Wise Words for Writers: Robert Heinlein

In my last post I spoke about rules – that there are none worth mentioning apart from “is it working?”…………  Does this work?  Is your reader engaged from beginning to end?  Are they hungry for more?

I still believe that is all that ultimately matters, however since writing that post I was reminded of some other kinds of rules that are worth considering.  They come from the Science Fiction master, Robert Heinlein.

Heinlein’s Rules:

1. You must write
2. You must finish what you start
3. You must refrain from rewriting, except to editorial order
4. You must put your story on the market
5. You must keep it on the market until it has sold

By my experience, rules 2, 3 and 4 are most difficult for most people, though you may not suffer from failing at all three.

Rule number 2 can be applied to more people than I can count – including some graduates of quality writing programs.  Do you have any idea how many drawers, boxes, attics, basements, garages and closets are filled with half-finished works?

Rule number 3 may be the rule that most writers have the hardest time keeping.  No more rewriting. No more rearranging. Give it one good edit if you must, but then move on 

Rule number 4 also applies to countless people.  Put it out there already! And while you are waiting for an agent, editor or publisher to fall in love with it, go and write your next one.

For me, at the moment, I am having the most trouble with rule 5.  A rejection or two and I drawer the thing.  How about you?

5 thoughts on “Wise Words for Writers: Robert Heinlein

  1. Rule #3 is great advice. Even when writing essays for graduate work, i.e. essays that will not be published, I can get stuck re-reading and tweaking the text repeatedly well past the point of diminishing returns.

  2. Definitely 4, to the point where I would go as far to respectfully disagree with it. I need to rewrite sometimes so that the right thing happens at the right time, so that I can finish out the rest of the thing in the proper order.

  3. They’re very simple and obvious rules, really, but it’s good to be reminded of them. There are some other ‘rules’ that Kurt Vonnegut proposed, but they’re more about the content of stories rather than the process of writing.

    As to rule 5: for short stories, after a couple of rejections I tend to look at the thing and rewrite. Sometimes the rewritten version gets published. A few times, though, I’ve decided to hang onto it for some reason or other – for example I’ve checked Duotrope and don’t immediately see a market for it at the length it’s worked out at. These I do file away because I have a longer term project they’ll come in useful for. Or I might stick them on my blog!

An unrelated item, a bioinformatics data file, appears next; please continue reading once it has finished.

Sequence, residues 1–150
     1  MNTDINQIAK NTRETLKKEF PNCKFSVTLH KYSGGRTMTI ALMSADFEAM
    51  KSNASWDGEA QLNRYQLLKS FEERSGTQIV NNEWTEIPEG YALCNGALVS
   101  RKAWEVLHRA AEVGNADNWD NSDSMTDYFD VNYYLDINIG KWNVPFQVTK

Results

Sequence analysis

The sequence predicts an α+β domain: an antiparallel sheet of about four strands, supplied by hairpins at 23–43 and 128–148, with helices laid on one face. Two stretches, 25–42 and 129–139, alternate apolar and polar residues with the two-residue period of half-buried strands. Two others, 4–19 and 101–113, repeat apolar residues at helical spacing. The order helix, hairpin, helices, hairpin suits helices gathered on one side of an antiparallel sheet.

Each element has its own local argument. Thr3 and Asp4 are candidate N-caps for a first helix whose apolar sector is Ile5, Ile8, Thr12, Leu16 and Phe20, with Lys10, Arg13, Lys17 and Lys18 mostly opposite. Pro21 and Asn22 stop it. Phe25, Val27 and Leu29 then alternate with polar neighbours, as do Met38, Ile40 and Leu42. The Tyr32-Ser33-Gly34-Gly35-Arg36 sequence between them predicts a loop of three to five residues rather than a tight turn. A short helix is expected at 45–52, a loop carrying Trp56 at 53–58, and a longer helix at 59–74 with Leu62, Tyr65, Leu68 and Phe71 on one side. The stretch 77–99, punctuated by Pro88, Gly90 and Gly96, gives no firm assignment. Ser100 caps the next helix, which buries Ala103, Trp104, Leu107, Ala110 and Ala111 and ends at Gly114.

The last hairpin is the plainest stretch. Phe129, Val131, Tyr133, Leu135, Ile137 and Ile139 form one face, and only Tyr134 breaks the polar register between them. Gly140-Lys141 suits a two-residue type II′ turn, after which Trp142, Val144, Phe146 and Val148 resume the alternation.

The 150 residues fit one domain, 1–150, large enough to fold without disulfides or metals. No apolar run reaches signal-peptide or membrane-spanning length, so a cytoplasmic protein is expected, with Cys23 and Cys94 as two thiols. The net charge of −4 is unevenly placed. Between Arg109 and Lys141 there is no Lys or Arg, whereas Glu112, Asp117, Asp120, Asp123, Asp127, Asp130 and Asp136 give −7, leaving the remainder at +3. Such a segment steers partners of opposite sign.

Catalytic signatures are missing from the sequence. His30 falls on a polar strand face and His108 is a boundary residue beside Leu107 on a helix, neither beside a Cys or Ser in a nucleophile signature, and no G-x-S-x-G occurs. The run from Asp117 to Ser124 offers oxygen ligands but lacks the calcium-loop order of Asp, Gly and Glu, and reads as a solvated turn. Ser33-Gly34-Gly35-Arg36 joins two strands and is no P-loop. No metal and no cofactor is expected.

For novels – I have two written and never accepted, though in hindsight it’s easy to see why. They’re not really that good. But I have plans for them, because some long segments can get rewritten as short stories or, possibly, novellas at some stage. In the next month or two I’m going to lift one chapter from one of them and rewrite it so I can recycle it into something else I’m about to start writing. I take the view nothing’s ever really lost, or a waste of time, because the recycling option is always there…

    I’m not quite sure about rule 3. I re-read, re-write and edit a fair bit. I recently went to a talk by a local and very successful writer who commented that his work goes through 6-7 drafts: one just to get the ideas down, one to fill in characters and motivations, one to fill out situations and places. Only at that point will he let his wife read it. The fourth and fifth drafts are usually filling in the holes she’s found in the novel, and the sixth and maybe seventh are tidying up the prose and style. Personally I’ll typically develop all that stuff on a patchwork basis as I go along. I treat this rule as having the general meaning of ‘don’t get so wound up in rewriting and editing that the piece never gets finished’.

    I’d also suggest a rule 0: decide what you want to write about. I tend to have the sort of grasshopper mind that likes to keep three or four things in play at once, and then I’ll get to a point with one of them (or, as recently, a completely different one that suddenly happens in the back of my mind) that feels like it’s the one I really need to push on with and finish.

    • I appreciate your read and comments, and I hope others who read this post will also look at what you have said.

      For me, there is this for rule 3. I take it as saying “rewrites need to be handled with extreme care.” There is a tipping point which most writers cannot see in their own work. But on one side, the rewrite helps. On the other, it makes things worse.

      As for rule 0, agreed. Having something to write is always a good place to start.

      As for rule 5, that is the temptation – to rewrite. I think that is part of the reason for Heinlein’s rule 3. An edit, perhaps if your writing has improved considerably since the story first went out. But otherwise, if it was deemed good enough to send to 2 or 3 places, it is good enough for however many it takes to get it “sold.” Besides, I think he would say you should be working on your next story instead…but then he lived before multi-tasking.

      -Michael

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